Treading new ground

Marlene Enright, erstwhile singer of the Hard Ground, is gearing up to release her debut solo effort. She talks to Ronan Leonard
Treading new ground
Marlene Enright

IN recent years the Cork music scene has witnessed a surge of piano-playing, Americana-tinged singer-songwriters, and at the forefront of that movement, along with Jack O’Rourke and Anna Mitchell, has been Marlene Enright. Having released two lauded albums with the Hard Ground, she has used their hiatus to produce her solo debut album Placements and Second Cuts, released on March 24.

Enright can set an exact point on when work on the album started. “The first song I wrote on this album was Shiny, I remember exactly as I had to get it finished for a support gig that I was doing for Jack O’Rourke. The bulk of the rest of the album was written between March and July of 2016 — so it was all done over 10 months or so.”

Recording didn’t begin in earnest until all the material was written. “I recorded When The Water Is Hot and Underbelly with Christian Best in January 2016 and the rest of the album was recorded at my home by Brendan Fennessy in July and August 2016. The whole album was mostly arranged by myself and the band [Davie Ryan on drums, Hugh Dillon on guitar, and Eoin ‘Walshy’ Walsh on bass], and mainly prior to recording.”

Enright says the recording process was different in ways but one she really enjoyed.

“It was great working with Christian and Feno, they’re both great engineers and bought their ideas to the table which was great. In terms of production, I had clear enough ideas about what I wanted it to sound like but I’m never great at explaining myself so I end up using emotions, colours, and ridiculous scenarios to get my ideas across rather than musical terms a lot of the time. They both played an active role in the production side of things.”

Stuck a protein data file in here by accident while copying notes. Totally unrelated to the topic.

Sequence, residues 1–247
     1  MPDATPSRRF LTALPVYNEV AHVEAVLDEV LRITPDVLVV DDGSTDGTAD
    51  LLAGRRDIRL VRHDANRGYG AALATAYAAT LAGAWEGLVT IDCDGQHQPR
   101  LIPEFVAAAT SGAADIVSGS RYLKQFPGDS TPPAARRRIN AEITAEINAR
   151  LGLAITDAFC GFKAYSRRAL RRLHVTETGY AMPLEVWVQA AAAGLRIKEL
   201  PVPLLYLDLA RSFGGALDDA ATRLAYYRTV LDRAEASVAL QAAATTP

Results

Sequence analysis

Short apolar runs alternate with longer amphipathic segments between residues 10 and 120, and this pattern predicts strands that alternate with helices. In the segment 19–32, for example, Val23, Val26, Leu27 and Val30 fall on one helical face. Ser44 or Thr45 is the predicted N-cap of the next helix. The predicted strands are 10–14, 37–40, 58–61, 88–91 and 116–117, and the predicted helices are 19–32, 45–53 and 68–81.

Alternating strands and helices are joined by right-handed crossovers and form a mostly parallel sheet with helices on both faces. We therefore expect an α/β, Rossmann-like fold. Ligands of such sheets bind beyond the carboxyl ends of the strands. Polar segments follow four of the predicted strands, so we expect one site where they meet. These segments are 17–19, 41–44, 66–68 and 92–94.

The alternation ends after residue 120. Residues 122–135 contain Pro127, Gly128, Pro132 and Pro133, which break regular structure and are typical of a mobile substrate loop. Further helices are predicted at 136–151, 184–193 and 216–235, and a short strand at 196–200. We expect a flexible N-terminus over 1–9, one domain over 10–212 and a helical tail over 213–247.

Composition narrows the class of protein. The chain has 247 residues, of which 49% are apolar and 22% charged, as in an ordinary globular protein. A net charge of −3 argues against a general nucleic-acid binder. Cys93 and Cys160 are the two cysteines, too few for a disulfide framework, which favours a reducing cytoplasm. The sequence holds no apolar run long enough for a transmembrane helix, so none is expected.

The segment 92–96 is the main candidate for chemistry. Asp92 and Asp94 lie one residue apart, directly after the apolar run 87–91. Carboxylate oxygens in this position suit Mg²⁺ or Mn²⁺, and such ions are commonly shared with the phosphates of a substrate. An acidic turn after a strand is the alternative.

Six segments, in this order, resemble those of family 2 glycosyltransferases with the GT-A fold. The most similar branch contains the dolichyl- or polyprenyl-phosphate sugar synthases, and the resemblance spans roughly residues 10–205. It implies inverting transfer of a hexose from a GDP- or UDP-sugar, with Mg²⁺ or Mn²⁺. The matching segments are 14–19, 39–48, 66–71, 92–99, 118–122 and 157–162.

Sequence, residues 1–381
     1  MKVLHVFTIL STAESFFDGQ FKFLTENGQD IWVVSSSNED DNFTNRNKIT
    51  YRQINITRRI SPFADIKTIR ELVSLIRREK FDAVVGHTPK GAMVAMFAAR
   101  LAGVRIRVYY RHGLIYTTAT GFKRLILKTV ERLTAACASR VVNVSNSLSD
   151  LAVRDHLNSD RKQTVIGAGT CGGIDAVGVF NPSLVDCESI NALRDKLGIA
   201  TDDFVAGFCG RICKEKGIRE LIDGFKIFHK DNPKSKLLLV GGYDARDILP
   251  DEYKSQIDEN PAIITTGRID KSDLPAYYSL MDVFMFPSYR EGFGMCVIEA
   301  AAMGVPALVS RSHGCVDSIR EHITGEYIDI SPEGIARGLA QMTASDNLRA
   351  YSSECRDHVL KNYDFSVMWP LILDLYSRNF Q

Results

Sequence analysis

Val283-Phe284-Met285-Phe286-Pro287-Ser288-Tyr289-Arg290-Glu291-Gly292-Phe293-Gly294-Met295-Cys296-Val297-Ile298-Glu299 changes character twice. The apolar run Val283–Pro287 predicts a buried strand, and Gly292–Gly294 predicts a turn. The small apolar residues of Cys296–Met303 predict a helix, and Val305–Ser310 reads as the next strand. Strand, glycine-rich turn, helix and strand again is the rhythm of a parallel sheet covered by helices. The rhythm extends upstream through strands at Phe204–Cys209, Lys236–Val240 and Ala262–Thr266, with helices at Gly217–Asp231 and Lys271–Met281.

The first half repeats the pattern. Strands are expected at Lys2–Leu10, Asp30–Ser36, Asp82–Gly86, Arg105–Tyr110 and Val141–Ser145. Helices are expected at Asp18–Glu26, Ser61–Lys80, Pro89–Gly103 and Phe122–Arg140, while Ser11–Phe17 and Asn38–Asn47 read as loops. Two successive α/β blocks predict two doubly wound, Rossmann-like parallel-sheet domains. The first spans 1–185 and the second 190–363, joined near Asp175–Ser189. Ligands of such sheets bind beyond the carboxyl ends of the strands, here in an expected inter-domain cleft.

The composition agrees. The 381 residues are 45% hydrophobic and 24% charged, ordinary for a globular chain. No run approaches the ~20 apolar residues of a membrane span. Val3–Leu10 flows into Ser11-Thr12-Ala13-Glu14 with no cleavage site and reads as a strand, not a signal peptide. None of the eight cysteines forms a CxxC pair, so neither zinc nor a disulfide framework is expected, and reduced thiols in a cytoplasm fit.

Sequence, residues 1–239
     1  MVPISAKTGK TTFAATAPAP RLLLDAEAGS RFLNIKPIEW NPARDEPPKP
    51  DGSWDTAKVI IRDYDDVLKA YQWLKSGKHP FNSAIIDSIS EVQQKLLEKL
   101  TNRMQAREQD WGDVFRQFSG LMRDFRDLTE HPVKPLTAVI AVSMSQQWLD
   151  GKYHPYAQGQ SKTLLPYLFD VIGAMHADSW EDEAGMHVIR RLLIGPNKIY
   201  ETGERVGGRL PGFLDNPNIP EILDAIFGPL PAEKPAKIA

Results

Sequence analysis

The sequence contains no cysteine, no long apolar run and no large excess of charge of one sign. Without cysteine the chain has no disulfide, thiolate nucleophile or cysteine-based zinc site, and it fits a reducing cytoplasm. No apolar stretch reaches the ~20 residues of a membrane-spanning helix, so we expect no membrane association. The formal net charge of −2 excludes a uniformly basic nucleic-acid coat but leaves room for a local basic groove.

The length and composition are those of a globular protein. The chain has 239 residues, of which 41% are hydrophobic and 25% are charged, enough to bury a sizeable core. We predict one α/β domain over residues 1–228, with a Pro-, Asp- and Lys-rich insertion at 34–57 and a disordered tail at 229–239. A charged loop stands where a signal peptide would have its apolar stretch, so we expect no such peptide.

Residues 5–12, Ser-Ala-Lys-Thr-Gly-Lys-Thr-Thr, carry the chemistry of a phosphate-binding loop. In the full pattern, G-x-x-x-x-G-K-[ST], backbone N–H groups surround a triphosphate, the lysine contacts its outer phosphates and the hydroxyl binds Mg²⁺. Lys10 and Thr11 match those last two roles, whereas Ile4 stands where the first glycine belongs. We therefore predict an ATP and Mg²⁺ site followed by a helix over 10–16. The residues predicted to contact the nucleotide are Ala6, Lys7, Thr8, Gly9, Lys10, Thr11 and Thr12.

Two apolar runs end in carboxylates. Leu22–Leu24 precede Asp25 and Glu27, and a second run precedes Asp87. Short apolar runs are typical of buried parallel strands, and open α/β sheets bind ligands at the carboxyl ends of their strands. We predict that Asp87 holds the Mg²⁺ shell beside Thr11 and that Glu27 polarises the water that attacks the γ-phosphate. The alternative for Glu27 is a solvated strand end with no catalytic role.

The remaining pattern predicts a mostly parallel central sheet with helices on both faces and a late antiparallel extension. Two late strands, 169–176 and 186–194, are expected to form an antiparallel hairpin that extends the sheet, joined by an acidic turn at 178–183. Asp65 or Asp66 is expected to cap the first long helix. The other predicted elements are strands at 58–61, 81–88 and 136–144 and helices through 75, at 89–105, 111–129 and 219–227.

Many artists who produce their own records admit that going through the nitty-gritty of putting an album together means they end up with a different opinion of the material when the process is finished, a theory to which Enright can attest.

“When I was writing and recording it I didn’t think there was a central theme but hindsight has made me realise that there was. Doubt, indecision, and lack of clarity rear their ugly heads a lot throughout the album — I think a lot of what I was writing about stemmed from these three feelings.

“Self-acceptance is something that comes with age, I think. You accept more things about yourself as you grow into yourself, you learn to take the bad with the good.”

While the Hard Ground had a style resulting from the meeting points of her and Pat Carey’s writing styles, Enright doesn’t think her own solo writing has a singular style. “My own stuff can be dark but it has a poppier sensibility than the Hard Ground have. When you break all kinds of music down — be it folk, country, RnB, rap, rock, pop — when you’re left with the raw material, a good song is a good song is a good song: Groove, melody, lyrics, the main ingredients.

“On this album I’ve been influenced in equal measures by the Bee Gees, Willie Nelson, Kendrick Lamar, and Celine Dion…ish.”

Enright’s hands-on approach to the practicalities of making her record has also extended to the booking of her opening acts. “Support gigs have helped me hugely over the past few months. It’s a chance to work on your set and the performance of it without having too much to lose. I have some seriously talented people supporting me so I’m very lucky, it doesn’t seem fair to say I’m giving them a chance but rather they are augmenting my gig: Caoilian Sherlock, Ailbhe Reddy, Emma Langford, and Brian Casey are all names worth looking for.”

Like most independent musicians Enright also has a ‘day job’, managing a music venue, which she reckons has informed an increased professionalism in her own music career. “I love my job, you meet so many people through the gigs at the White Horse [in Ballincollig]. You gather a greater sense of what is valued by audiences, artists, promoters, and agents. It doesn’t influence what or how I write in any way, but it does allow me to gain a greater understanding and respect for other people’s roles in the music industry and to know what needs to happen to keep everyone ticking over and breaking even.”

  • Placements and Second Cuts is out Friday, March 24. Preorder at Marlene Enright and band play the White Horse on March 24; The Mariner, Bantry, on March 25; and Coughlan’s, Douglas St, Cork City, on April 13

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